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Fresh start for young entrepreneurs after Westgate tragedy

By James Wanzala | October 9th 2015

Just as the country marked the second anniversary of the September Westgate Mall terror attack, 23 young people graduated from the first phase of an 18-month entrepreneurship programme started by the Mbugua Rosemary Foundation (MRF).

MRF was started in memory of President Uhuru Kenyatta’s nephew Mbugua Mwangi and his fiancée, Rosemary Wahito, who died in the attack. It trains and mentors young entrepreneurs with the potential to transform industries.

Speaking during the graduation ceremony, MRF Chairman Bill Lay said: “This programme aims to foster young entrepreneurs who have the same spirit Mbugua and Rosemary had, and help them achieve their dreams through skills transfer and mentorship.”

The foundation’s Young Entrepreneurs Programme provides training tailored for young entrepreneurs, as well as a link to existing businesses and business owners for networking and partnership opportunities.

The programme also aims to nurture creativity and develop participants into socially responsible business leaders and entrepreneurs to support the economy.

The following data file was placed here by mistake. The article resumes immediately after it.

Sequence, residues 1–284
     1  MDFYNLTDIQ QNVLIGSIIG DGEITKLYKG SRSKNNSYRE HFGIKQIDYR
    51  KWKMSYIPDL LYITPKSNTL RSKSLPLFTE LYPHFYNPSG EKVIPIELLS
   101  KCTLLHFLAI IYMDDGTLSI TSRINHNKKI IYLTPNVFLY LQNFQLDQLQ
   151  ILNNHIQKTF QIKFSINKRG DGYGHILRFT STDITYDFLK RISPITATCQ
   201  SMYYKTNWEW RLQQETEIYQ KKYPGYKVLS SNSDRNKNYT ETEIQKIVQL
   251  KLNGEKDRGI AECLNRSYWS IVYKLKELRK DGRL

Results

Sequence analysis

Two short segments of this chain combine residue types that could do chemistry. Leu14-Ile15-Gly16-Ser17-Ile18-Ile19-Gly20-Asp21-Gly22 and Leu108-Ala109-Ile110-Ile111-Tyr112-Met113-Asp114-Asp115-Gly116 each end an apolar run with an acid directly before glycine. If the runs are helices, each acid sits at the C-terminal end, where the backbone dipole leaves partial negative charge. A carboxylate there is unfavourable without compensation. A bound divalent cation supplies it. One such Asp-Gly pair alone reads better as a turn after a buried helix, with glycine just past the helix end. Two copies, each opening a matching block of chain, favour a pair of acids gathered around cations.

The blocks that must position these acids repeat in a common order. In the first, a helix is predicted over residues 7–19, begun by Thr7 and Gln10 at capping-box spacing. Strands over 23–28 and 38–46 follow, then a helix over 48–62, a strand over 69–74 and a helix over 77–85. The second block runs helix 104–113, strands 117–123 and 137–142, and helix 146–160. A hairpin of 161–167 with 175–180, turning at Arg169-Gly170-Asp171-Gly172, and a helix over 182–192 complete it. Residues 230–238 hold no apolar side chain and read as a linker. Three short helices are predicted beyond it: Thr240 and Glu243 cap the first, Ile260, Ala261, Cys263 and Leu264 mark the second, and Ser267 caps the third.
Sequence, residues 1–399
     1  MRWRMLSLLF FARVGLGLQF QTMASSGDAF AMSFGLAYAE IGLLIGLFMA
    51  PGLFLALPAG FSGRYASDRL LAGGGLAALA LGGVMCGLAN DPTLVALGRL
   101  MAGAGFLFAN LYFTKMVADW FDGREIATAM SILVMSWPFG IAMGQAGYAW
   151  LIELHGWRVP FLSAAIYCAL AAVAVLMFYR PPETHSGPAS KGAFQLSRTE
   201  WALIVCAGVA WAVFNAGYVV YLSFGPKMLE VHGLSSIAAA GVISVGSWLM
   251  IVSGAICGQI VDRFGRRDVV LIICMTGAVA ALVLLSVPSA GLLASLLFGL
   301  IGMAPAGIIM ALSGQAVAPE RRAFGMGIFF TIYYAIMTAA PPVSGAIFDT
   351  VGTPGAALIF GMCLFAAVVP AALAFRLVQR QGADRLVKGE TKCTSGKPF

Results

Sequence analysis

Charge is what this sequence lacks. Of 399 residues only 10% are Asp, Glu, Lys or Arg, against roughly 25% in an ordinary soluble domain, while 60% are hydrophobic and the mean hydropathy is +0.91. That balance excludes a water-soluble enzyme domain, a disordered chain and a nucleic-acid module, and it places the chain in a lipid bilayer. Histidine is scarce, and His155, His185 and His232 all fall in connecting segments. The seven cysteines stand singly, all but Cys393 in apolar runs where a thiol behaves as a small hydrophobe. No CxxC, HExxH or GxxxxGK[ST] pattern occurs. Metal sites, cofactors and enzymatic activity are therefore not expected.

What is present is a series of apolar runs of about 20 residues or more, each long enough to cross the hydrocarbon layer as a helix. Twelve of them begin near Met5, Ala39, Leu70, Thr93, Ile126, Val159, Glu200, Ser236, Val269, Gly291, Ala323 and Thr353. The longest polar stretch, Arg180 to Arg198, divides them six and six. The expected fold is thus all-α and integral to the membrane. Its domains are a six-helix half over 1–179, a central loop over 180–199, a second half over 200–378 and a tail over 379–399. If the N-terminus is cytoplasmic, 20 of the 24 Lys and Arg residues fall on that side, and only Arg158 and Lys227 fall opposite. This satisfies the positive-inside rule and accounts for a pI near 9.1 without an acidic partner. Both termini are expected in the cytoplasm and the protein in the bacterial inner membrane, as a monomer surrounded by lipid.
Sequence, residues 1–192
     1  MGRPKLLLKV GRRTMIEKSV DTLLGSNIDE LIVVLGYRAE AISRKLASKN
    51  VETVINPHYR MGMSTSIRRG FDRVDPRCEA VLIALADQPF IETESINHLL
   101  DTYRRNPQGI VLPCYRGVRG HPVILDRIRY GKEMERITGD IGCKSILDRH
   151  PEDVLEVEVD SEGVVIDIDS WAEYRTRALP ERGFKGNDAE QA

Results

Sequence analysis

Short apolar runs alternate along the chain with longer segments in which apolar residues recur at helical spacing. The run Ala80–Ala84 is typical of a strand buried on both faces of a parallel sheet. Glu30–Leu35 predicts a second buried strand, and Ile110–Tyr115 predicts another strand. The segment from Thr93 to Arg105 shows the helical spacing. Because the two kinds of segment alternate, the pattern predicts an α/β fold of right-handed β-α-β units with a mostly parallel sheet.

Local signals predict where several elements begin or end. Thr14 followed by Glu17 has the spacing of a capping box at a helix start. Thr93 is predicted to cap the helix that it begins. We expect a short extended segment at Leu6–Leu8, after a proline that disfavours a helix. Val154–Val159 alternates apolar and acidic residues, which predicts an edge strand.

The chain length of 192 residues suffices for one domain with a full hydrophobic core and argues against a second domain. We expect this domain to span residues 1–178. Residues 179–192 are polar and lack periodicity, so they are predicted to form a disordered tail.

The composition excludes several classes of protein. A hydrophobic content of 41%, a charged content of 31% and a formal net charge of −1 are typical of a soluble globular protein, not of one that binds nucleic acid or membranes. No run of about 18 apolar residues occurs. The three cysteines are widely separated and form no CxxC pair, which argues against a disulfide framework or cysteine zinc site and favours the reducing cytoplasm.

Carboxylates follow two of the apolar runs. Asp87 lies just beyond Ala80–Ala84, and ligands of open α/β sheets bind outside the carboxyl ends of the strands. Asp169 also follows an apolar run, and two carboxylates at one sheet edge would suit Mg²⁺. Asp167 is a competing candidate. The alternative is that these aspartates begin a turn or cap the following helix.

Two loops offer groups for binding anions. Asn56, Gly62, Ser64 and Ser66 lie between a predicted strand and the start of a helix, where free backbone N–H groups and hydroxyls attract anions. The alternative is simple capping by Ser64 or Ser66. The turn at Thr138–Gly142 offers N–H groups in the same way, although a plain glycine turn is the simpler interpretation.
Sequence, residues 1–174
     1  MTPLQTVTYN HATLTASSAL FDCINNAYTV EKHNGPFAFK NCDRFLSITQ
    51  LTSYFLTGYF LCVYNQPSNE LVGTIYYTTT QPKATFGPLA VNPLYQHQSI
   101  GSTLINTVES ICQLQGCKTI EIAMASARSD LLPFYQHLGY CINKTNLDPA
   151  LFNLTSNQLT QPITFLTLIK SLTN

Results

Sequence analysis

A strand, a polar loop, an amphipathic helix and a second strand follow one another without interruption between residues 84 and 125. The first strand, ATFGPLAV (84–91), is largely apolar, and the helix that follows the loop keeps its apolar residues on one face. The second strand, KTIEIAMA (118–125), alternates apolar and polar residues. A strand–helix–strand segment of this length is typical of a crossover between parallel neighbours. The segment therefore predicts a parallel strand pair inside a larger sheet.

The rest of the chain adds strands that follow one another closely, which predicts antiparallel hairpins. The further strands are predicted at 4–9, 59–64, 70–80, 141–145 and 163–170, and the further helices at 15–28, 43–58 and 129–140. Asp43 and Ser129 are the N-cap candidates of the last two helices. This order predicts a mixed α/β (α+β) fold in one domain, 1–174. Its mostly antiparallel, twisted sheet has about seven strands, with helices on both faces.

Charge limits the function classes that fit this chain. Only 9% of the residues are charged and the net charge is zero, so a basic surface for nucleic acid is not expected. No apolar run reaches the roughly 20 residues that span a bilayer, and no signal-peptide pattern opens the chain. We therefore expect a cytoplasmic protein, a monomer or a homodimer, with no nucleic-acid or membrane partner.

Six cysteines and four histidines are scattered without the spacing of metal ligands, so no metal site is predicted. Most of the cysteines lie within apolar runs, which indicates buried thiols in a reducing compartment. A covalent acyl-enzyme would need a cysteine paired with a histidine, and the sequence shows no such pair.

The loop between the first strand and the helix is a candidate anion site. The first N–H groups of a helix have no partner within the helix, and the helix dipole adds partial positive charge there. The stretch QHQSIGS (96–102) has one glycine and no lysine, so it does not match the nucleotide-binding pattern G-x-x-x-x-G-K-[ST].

It selects individuals whose businesses are less than three years, or who have solid business ideas ready for execution.

“Research shows that the first five years of a business determine its success rate, and we know that many young, bright, innovative entrepreneurs lack not only key basic skills, but also business mentoring that will ensure their businesses have a not-so-rough beginning,” Angela Kasili, the programme’s co-ordinator, said.

“Such skills include knowing your market, getting funding to take your businesses to the next level, book-keeping and basic financial management and strategic planning. We have, therefore, decided to focus on this target group.”

After six months of basic training, the programme monitors, supports and sets up partnership opportunities for its participants for another 12 months through regular networking meetings with business leaders.

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